Tuesday, March 6, 2012

The iThing

THE iTHING             Feb 2009

I have been thinking about getting an iPhone, or something similar. But I have put it off for the moment, partly because of cost, but also because I want to figure out the whole business of portable devices.

While I think of it, the business of cost is also relevant. Now you can get an iPhone for free – isn’t that great? Of course you have to commit to paying (in the UK) £40 per month for the next two years. That’s about £1000. So not quite free, then is it? To be fair, this gives you phone calls and data access included, which then raises the whole issue of mobile versus land line, and mobile broadband and Wimax and…. But I don’t want to get into all that, at least not yet. I just want to think about mobile devices.

I currently have about four small mobile electronic devices:

a mobile phone (old and basic)
an iPod
an old HP IPAQ pocket pc (aka PDA)
a Minolta digital camera

And that is not counting my video camera (because it is bulky), or my satnav (because that goes in my car).

I also have chargers for each of these devices, because of course they all have batteries that are incompatible. This is something I may return to later.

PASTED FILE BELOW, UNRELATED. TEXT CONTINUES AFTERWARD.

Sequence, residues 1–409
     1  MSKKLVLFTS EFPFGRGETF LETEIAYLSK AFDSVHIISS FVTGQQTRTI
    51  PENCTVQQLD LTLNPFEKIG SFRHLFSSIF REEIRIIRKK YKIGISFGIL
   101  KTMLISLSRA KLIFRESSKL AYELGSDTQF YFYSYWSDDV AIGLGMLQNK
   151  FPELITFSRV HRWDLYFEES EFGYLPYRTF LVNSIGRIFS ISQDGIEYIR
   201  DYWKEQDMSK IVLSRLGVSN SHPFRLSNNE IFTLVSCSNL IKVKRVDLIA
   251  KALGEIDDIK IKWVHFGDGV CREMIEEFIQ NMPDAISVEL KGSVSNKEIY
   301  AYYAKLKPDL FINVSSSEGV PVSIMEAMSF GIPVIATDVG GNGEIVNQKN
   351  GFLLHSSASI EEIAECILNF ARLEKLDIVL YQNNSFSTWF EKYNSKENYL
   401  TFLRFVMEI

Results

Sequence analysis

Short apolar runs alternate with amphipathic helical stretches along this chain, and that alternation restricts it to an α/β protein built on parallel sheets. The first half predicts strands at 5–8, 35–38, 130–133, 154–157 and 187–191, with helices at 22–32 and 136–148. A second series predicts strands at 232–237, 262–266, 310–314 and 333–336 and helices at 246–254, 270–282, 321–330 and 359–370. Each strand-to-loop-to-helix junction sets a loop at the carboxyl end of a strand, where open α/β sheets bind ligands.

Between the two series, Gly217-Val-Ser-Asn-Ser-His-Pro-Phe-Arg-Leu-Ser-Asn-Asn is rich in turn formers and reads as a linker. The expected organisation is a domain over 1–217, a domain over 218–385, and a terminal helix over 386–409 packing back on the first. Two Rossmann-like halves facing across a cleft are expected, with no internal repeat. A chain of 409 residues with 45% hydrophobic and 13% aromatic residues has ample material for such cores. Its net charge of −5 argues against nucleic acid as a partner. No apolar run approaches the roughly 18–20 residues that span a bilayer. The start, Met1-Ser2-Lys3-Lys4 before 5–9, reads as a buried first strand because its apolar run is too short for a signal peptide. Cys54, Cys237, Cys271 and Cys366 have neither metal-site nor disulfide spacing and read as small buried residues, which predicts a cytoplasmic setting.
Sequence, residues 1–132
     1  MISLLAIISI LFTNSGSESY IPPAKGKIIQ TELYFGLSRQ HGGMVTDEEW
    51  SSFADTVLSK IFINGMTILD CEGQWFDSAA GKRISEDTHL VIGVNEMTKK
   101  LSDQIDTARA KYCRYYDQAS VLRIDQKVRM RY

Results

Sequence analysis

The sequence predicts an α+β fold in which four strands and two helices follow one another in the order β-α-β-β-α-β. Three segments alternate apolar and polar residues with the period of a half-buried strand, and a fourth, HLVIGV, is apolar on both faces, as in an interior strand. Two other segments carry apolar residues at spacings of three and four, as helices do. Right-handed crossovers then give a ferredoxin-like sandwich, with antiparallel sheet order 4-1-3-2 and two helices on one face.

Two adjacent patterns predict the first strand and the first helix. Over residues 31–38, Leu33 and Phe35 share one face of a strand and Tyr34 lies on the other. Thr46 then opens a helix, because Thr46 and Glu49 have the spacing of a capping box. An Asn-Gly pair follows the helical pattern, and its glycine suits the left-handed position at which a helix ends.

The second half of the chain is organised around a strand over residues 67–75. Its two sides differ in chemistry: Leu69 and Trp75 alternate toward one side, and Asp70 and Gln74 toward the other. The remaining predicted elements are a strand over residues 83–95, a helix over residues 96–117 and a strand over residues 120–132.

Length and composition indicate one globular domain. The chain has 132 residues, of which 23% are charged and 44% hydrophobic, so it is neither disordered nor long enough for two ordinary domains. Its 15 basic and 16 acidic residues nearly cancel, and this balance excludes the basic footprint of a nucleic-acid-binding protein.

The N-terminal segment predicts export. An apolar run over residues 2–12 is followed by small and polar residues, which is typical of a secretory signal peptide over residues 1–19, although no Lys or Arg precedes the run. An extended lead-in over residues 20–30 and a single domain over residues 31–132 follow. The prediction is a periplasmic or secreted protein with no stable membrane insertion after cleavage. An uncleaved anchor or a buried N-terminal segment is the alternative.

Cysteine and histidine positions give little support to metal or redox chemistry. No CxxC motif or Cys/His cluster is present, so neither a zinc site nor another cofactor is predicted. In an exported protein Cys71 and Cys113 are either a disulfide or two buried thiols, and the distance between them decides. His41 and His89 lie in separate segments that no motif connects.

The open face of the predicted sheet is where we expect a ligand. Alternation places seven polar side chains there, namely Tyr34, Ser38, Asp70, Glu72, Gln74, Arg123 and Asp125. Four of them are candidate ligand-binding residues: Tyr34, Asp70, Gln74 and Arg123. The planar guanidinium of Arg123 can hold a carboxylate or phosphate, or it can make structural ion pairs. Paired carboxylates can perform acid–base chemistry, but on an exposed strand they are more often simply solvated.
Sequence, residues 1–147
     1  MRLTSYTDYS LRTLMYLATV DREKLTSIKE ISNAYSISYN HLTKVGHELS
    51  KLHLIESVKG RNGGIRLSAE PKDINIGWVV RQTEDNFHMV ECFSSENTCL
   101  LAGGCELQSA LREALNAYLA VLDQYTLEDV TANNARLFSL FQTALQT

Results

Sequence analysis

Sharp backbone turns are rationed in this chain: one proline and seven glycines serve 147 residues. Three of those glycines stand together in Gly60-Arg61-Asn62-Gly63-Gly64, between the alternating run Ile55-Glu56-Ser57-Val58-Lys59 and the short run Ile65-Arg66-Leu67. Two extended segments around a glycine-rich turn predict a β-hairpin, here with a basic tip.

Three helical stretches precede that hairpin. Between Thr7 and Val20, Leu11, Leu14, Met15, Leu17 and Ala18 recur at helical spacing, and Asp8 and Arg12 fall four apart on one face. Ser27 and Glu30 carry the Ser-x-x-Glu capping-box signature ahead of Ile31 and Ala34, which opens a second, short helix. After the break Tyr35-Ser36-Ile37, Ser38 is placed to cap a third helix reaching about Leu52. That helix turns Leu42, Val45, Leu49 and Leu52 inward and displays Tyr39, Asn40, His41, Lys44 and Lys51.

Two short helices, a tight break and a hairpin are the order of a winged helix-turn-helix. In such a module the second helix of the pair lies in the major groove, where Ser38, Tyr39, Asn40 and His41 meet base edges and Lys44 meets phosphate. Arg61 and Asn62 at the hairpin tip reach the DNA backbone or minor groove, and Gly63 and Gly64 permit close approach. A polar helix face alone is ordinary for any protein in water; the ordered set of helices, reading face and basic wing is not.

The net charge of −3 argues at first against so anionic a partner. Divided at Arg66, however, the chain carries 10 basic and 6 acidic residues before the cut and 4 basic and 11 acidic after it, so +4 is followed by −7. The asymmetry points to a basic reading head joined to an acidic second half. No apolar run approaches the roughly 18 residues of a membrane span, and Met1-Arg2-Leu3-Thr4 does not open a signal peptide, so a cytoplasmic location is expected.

I actually still use my old PDA quite a lot, which might amuse up to the minute gadget geeks. It is quite powerful as it can play MP3s, display photos, record sound, display PDF files, hold a multi language dictionary, use a shopping list program, and let me read books, and edit and view Word and Excel files. I even have some (very crude) street maps on it which have been extracted from MS Autoroute, and contain details of POIs (points of interest).If it had WiFi (I couldn’t afford it at the time), I could also access emails. But the battery life is pretty bad, and the screen isn’t really good enough in any amount of sunlight.